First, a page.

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AGE SPOTS / SUN DAMAGE

cryotherapy being used on an age spot

AGE SPOTS / SUN DAMAGE

Age spots / sun damage are an unwelcome result of decades of sun exposure when the production of melanin – a natural pigment that gives skin its colour – is overactive and clumped together. Ultraviolet (UV) light accelerates this process, producing dark spots and patches on exposed areas.

Freckles and sunspots often appear in the places of your body that are exposed to sunlight. From individual spots to clusters, you may find them anywhere – even on areas such as your scalp, fingernails, feet, and genitals, which can be difficult to inspect. 

Actinic keratoses (AK) are rough, scaly patches of skin that develop as a result of long-term exposure to the sun. They tend to occur on areas of the body where there is frequent exposure to sunlight, such as the arms, hands, face and ears. Fair-skinned individuals with blue eyes who burn easily when out in the sun are particularly at risk for developing AKs. Although these lesions normally cause no real discomfort, they can be itchy or sore and may require medical attention if left untreated over a period of time.

Seborrheic keratoses (SK), also called ‘age spots’ or ‘liver spots’—despite having nothing to do with your liver—are sunspots caused by a combination of ageing and sun exposure. These growths are most likely to appear after age 40, which is why they are also called senile lentigines. They appear as rough, brown, or black spots which can range in size from a few millimetres to several centimetres across.

Frequently Asked Questions

There are many different types of sunspots. Freckles are one of them which are harmless marks created by melanocytes, mature cells responsible for pigment production, that reside all over our body. When activated by excess UV radiation, these melanocytes produce melanin, a pigment substance, that gathers up and develops into freckles. Although they can be inherited, freckles may darken with age and constant exposure to sunlight. 

Other types of sunspots, such as “age spots” also known as Seborrheic keratoses (SK) are a combination of aging and sun exposure. These are completely benign skin growth and no treatment is required.

Actinic keratosis (AK), on the other hand, there is a very small risk that can progress into a form of skin cancer, called a squamous cell carcinoma. Therefore, treatment is recommended.

Sun exposure is the main cause of freckles and sunspots, which can increase your risk of skin cancer. Although freckles are harmless, some  other types of sunspots may be a sign of skin that is more susceptible to developing skin cancer.

Freckles are more common among people with light hair or lighter skin tones as fair-skinned individuals lack the melanin needed to protect them against ultraviolet radiation; making them more prone to developing skin cancer. As such, those with these marks on their skin need to take extra precautions when spending time in direct sunlight.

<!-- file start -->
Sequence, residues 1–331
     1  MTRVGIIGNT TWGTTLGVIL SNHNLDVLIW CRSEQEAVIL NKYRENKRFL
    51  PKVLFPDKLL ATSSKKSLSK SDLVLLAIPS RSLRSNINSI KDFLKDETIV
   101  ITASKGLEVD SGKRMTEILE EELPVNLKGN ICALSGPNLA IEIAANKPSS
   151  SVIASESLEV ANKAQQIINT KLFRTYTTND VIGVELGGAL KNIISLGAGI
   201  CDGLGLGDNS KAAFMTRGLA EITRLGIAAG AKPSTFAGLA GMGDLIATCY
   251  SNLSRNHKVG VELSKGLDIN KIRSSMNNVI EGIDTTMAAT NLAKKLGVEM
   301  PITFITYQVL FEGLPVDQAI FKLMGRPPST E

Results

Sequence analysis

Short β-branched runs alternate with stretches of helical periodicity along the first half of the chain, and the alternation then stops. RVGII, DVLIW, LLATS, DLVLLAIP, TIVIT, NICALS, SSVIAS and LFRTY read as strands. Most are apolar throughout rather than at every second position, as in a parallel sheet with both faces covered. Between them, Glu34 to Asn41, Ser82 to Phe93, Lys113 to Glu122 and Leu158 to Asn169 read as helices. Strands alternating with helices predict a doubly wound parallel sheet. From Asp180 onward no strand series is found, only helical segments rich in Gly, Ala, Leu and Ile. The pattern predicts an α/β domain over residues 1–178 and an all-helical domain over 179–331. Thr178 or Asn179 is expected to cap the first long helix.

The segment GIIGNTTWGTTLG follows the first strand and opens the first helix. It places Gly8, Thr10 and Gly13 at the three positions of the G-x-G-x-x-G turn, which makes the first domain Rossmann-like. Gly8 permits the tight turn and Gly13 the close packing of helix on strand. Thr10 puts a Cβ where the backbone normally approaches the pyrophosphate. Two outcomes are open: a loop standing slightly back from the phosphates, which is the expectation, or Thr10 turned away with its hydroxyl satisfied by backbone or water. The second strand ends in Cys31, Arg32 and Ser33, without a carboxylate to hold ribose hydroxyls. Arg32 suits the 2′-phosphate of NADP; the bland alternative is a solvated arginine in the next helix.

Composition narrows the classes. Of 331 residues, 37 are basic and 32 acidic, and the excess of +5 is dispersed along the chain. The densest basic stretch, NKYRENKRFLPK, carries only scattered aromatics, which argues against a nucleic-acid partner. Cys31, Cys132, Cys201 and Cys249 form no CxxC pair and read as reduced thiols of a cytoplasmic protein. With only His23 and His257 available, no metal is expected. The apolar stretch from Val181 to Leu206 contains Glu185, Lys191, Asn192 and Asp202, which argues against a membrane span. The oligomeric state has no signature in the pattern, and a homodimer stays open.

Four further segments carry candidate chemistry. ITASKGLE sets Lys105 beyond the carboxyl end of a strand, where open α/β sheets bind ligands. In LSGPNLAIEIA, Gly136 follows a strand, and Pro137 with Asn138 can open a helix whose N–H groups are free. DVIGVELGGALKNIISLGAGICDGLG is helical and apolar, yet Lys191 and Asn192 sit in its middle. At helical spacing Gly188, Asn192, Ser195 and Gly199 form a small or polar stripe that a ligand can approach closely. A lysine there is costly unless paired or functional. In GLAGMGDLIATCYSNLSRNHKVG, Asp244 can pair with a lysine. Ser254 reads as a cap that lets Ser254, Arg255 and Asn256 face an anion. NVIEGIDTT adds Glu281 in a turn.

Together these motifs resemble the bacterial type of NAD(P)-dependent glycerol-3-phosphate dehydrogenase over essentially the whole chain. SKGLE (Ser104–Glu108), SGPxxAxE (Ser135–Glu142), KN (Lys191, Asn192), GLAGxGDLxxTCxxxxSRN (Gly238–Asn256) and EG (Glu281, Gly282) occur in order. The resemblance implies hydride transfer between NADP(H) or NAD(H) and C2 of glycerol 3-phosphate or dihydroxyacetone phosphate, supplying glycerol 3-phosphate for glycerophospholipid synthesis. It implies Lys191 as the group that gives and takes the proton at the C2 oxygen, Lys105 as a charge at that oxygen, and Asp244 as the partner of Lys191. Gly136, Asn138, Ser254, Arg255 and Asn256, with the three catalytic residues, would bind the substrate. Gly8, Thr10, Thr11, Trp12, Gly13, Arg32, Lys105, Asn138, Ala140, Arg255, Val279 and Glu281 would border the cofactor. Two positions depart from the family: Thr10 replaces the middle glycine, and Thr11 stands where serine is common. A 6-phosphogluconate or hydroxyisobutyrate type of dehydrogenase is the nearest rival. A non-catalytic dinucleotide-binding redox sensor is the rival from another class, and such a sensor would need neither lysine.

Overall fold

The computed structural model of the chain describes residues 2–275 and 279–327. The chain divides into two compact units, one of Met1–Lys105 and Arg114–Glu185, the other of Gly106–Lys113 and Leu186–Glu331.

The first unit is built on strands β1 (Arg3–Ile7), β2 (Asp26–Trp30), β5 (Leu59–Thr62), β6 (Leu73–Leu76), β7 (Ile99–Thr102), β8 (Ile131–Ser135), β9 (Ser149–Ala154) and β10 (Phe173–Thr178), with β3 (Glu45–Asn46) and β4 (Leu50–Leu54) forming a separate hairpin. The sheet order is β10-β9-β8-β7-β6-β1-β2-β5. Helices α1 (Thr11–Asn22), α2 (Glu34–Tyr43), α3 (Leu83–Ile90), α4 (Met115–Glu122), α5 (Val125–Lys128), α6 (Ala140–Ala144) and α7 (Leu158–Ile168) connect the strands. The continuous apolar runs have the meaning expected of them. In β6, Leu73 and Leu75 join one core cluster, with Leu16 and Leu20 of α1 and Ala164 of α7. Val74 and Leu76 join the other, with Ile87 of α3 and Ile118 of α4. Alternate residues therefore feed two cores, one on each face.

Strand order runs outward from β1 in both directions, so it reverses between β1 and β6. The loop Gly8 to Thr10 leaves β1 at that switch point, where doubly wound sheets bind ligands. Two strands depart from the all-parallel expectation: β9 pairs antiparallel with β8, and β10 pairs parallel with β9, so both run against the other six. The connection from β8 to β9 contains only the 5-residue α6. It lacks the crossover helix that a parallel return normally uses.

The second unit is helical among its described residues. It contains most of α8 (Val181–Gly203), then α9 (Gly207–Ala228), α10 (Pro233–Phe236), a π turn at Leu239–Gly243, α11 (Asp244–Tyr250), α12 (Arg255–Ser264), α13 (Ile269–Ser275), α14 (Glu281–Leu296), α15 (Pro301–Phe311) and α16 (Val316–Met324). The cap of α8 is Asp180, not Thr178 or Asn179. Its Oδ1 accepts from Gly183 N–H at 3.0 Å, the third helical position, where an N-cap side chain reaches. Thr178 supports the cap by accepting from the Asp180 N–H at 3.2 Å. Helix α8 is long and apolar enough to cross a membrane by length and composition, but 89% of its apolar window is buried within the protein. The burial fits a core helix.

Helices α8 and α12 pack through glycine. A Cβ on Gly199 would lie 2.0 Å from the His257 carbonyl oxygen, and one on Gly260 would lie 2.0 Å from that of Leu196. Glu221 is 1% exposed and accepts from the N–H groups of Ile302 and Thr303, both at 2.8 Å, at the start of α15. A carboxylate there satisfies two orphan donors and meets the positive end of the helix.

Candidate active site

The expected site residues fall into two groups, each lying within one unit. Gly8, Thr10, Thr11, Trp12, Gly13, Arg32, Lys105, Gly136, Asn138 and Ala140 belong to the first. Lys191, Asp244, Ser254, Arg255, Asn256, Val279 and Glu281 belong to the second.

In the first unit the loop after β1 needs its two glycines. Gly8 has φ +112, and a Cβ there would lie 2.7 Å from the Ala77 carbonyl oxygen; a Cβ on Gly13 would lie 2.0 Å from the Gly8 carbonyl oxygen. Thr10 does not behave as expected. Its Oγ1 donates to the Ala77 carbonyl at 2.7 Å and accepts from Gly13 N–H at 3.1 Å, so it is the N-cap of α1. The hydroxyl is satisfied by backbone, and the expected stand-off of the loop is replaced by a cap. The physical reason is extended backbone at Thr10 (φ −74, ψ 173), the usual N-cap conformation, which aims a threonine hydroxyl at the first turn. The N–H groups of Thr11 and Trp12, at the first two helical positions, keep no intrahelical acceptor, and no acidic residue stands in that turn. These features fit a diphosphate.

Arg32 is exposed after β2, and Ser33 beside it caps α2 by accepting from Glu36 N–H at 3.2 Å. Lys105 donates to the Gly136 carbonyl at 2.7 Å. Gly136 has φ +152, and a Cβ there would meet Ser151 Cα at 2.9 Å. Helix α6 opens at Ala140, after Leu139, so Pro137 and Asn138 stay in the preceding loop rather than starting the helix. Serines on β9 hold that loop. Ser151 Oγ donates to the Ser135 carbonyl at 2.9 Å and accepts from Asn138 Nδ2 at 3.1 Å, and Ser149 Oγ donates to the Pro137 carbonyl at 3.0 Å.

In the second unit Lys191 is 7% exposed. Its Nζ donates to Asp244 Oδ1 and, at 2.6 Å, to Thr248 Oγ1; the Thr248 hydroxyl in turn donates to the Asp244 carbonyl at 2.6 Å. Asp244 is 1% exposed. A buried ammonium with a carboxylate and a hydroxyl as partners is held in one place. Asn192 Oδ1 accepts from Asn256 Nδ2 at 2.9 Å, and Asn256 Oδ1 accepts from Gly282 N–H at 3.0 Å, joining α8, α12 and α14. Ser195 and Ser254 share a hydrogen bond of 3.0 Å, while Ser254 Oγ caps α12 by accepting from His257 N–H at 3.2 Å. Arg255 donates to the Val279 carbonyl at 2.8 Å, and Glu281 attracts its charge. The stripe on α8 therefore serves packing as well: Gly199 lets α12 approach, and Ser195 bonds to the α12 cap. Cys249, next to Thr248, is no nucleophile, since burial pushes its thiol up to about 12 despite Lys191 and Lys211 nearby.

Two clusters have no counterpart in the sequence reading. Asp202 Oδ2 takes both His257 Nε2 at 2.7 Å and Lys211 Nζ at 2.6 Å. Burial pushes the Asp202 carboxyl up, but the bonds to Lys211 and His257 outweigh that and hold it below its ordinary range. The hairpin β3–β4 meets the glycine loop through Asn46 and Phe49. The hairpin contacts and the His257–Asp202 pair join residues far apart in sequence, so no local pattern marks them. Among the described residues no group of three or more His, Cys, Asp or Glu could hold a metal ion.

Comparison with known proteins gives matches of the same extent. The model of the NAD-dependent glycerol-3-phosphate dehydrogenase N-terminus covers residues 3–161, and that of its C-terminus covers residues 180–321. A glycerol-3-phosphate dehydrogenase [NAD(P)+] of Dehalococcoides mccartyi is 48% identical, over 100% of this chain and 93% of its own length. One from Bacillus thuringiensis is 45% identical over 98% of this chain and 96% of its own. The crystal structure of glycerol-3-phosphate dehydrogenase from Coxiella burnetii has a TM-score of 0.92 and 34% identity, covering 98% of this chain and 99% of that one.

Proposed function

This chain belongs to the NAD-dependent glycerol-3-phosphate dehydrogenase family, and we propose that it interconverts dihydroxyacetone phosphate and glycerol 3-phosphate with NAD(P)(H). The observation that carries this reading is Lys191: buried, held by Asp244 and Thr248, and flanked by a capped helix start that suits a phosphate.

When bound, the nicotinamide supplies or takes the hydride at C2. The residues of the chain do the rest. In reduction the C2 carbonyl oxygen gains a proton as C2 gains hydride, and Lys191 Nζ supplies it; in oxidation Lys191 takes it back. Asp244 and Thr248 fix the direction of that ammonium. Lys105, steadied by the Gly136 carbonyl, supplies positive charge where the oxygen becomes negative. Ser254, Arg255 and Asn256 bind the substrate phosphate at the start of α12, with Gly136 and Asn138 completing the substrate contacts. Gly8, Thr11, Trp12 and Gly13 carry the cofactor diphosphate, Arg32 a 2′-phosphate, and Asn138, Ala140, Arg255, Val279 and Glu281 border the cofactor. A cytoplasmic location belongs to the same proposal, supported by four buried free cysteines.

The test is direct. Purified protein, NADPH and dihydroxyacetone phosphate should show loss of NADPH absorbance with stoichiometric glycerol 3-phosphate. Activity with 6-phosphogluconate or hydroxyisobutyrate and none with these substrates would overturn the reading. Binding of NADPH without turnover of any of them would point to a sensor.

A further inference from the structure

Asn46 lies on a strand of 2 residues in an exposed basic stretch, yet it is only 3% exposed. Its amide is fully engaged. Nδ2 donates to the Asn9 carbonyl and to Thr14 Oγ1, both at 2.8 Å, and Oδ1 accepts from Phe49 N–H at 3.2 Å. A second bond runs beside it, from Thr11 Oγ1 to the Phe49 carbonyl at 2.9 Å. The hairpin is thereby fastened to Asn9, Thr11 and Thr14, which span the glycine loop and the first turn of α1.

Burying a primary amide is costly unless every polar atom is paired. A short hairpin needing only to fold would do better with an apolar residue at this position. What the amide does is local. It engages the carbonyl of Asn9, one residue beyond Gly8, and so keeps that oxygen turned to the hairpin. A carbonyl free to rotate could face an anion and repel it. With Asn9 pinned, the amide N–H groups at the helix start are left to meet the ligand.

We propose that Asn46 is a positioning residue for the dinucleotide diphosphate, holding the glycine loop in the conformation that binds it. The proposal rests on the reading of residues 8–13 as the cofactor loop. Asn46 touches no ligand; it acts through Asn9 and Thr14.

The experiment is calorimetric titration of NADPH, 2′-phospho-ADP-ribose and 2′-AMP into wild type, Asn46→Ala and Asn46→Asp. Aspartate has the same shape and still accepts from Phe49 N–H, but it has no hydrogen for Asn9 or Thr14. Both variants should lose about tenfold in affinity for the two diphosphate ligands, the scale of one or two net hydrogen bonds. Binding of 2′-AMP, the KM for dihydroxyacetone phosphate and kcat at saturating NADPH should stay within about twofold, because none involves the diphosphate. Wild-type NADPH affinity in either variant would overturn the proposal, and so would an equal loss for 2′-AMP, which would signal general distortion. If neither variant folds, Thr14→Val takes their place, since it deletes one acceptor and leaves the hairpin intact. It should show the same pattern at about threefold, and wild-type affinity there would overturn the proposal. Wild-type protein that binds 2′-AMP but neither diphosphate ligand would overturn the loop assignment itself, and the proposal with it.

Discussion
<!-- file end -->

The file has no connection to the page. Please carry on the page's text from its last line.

Seborrheic keratoses (SK) are usually innocuous and most likely to be asymptomatic. Though they can sometimes be itchy, red or sore, these spots do not spread from person to person nor will they become skin cancer. 

Actinic keratosis (AK), on the other hand, there is a very small risk that can progress into a form of skin cancer, called a squamous cell carcinoma. Individuals with this condition are more susceptible to skin cancer compared to those without it.

Age spots are usually harmless, but it’s important to have your doctor take a look if they become black or appear differently. These changes may be indicative of melanoma—a dangerous form of skin cancer that requires medical attention.

It’s best to have any new skin changes evaluated by a dermatologist, especially if a spot: 

  • Is very dark 
  • Is increasing in size 
  • Has an irregular border 
  • Has an unusual combination of colours 
  • Is bleeding 

 

If an actinic keratosis evolves into a lump, increases in size rapidly, becomes sore to the touch, forms an ulcer, or begins bleeding – then it’s time for medical attention as these signs can point towards early stages of skin cancer (squamous cell carcinoma). The people most susceptible are those with several patches of AK and immunosuppressive individuals or on immunosuppressive medication due to other conditions.

Dr Miller is here to help

dr natalie miller

Dr. Natalia Miller

It is essential to differentiate age spots from other conditions of the skin because each requires unique treatments; utilising incorrect methods can prolong further action. Dr Miller will assess sunspots and age spots through a series of questions and an examination. 

If uncertain, she may use additional tests such as extracting a tiny piece of your skin for lab testing (skin biopsy). This helps distinguish between an age spot or lentigo maligna – just one example of certain types of skin cancer. The procedure is usually performed at the clinic with local anaesthesia given beforehand.

If you have harmless sunspots or age spots that require interventions, Dr Miller will go over available treatment options to reduce their appearance.